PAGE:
Social housing regulation is coming soon – but when? And what are the implications?
We invited Will Perry, Director of Strategy at The Regulator of Social Housing to address your concerns and respond to your questions about the Social Housing White Paper. He joined us for an exclusive webinar presentation and Q&A about issues that matter most to you. We had a large volume of questions, and Will kindly provided his responses to questions we couldn’t get to in the time allotted.
Resident involvement / resident voices
Q. How can our customers get involved in shaping the new performance measures?
A. We will be seeking views from tenants, landlords and other stakeholders over the next few months. There will be a formal, statutory consultation open to all, and we will also work with tenant representative organisations and other tenant groups more informally around what regulation should be achieving in general and the TSMs (Tenant Satisfaction Measures) specifically. Some landlords have already offered us opportunities to talk to their tenant scrutiny panels or other groups, and we’re open to further offers as we develop our engagement work.
Q. The white paper says you will be speaking to the customers of the landlords during inspection – how will you do this to ensure the landlord doesn’t pick the customers you should speak to?
A. Good question, which I can’t specifically answer at the moment. However, it’s likely to involve following our assurance-based approach. I would suggest that the first question we ask is how a landlord has assured itself that it is meeting whatever the revised standards say about customer satisfaction and experience. We could then test that assurance – so if a landlord said that they have effective tenant consultation and scrutiny arrangements in place, we could talk to the tenant scrutiny panel about how they work, and cross refer that with meeting notes.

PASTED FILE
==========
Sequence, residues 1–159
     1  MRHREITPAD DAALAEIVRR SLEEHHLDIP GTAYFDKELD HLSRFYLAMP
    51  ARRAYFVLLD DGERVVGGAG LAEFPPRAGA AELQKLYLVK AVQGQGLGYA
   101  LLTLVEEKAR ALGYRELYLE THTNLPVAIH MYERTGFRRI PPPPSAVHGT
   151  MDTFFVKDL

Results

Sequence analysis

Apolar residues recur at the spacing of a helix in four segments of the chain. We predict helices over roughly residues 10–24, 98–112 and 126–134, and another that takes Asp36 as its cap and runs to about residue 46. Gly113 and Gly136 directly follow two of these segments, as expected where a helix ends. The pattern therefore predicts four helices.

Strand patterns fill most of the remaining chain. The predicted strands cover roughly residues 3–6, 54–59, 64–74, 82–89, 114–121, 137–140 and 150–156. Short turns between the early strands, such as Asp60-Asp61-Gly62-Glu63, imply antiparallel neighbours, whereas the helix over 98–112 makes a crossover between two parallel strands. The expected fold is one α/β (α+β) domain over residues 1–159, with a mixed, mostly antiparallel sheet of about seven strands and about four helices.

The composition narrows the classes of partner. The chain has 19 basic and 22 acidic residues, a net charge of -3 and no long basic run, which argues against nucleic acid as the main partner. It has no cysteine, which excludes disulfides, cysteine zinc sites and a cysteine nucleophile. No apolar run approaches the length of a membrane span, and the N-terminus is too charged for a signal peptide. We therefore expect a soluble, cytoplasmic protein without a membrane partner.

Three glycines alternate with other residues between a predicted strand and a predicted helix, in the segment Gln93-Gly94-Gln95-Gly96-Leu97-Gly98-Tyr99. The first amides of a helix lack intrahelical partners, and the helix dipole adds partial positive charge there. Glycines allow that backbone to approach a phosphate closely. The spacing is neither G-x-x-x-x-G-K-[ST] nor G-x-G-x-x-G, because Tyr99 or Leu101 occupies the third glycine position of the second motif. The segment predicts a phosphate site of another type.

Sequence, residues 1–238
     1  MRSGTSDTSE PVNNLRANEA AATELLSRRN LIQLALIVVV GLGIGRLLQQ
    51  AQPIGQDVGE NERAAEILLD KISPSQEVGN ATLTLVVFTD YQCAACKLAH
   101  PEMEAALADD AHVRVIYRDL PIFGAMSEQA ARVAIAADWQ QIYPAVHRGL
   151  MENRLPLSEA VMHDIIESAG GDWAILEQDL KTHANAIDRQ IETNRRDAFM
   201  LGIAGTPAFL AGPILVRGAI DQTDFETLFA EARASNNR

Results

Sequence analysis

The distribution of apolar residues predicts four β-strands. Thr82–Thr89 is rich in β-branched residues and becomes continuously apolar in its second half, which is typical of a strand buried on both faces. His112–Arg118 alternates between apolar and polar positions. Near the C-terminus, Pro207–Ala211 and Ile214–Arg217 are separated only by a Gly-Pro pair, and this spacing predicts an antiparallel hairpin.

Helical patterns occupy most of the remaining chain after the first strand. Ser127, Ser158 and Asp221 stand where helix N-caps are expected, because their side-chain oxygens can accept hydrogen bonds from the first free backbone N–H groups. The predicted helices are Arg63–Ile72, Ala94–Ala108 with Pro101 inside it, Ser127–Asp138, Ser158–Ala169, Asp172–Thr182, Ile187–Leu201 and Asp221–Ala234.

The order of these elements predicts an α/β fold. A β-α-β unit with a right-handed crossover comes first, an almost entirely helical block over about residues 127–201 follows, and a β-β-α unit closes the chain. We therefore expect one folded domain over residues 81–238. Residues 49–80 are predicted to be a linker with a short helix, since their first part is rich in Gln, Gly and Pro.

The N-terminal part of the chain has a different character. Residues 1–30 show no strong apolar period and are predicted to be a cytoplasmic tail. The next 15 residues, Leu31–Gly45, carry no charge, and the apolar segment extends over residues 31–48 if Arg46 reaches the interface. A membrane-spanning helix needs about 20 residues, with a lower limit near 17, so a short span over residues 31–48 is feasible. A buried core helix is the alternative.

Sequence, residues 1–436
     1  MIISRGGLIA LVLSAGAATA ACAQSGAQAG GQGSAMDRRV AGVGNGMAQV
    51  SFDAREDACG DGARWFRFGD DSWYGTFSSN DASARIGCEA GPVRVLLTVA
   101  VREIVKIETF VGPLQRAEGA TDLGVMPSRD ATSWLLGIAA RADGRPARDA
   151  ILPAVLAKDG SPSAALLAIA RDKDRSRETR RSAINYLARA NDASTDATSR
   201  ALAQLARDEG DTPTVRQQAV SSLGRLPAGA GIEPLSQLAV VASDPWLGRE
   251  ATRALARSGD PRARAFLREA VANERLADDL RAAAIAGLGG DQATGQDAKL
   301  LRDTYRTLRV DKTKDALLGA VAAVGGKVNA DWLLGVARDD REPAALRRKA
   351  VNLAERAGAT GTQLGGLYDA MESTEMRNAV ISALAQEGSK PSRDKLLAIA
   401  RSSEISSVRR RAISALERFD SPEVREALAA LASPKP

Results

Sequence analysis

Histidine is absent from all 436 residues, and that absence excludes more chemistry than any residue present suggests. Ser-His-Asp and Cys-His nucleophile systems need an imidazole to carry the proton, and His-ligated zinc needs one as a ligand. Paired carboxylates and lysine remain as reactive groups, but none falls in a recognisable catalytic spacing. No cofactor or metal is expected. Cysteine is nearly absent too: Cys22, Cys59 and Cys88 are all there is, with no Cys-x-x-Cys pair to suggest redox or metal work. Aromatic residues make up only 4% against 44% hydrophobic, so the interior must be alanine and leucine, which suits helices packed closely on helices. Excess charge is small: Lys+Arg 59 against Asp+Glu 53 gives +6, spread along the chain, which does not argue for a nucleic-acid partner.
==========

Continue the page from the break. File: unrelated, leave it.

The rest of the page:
Tenant Satisfaction Measures (TSMs)
Q. What are your views on the TSMs focussing more on qualitative ‘transparent’ reporting that provides the assurance that the work is being done instead of a numbers approach?
A. TSMs are not the only source of information that we would use in assessing compliance with the standards. They’re intended to provide additional information to tenants (and are not the only source of information available to tenants) and potentially allow us to identify areas for particular attention.
Q. Is it fair to say that TSMs mean customer surveying will become a regulatory requirement in the context of GDPR?
A. The white paper’s draft TSMs include a number of tenant/customer satisfaction measures, and robust surveys are likely to be the most appropriate way of gathering these. So probably yes.
Q. With a potential cabinet reshuffle could this impact the timelines or indeed the content of any legislative changes?
A. The white paper should be a good steer on the Government’s intentions overall, some of which require changes to legislation. The parliamentary timetable is a matter for the Government which I can’t really speculate on. However, the parliamentary timetable is agreed by the government as a whole, and generally if there is a change of minister, they inherit the timetable.
Q. Do you have a view yet about how to manage any conflicts for local authority landlords between accountability to tenants and democratic accountability?
A. This is clearly going to be an area which we will need to consider in detail as we revise the standards and develop our operating approach. It can’t be answered in a sentence or two – a lot depends on what the understanding of accountability is. However, our role is to set standards and assess landlord compliance against them.
Need further guidance?
Our Definitive Guide to The Social Housing White Paper provides a summary of each white paper section, and the critical assessment questions you need to be asking now, to prepare for the future. Click to read the guide and for links to further white paper resources.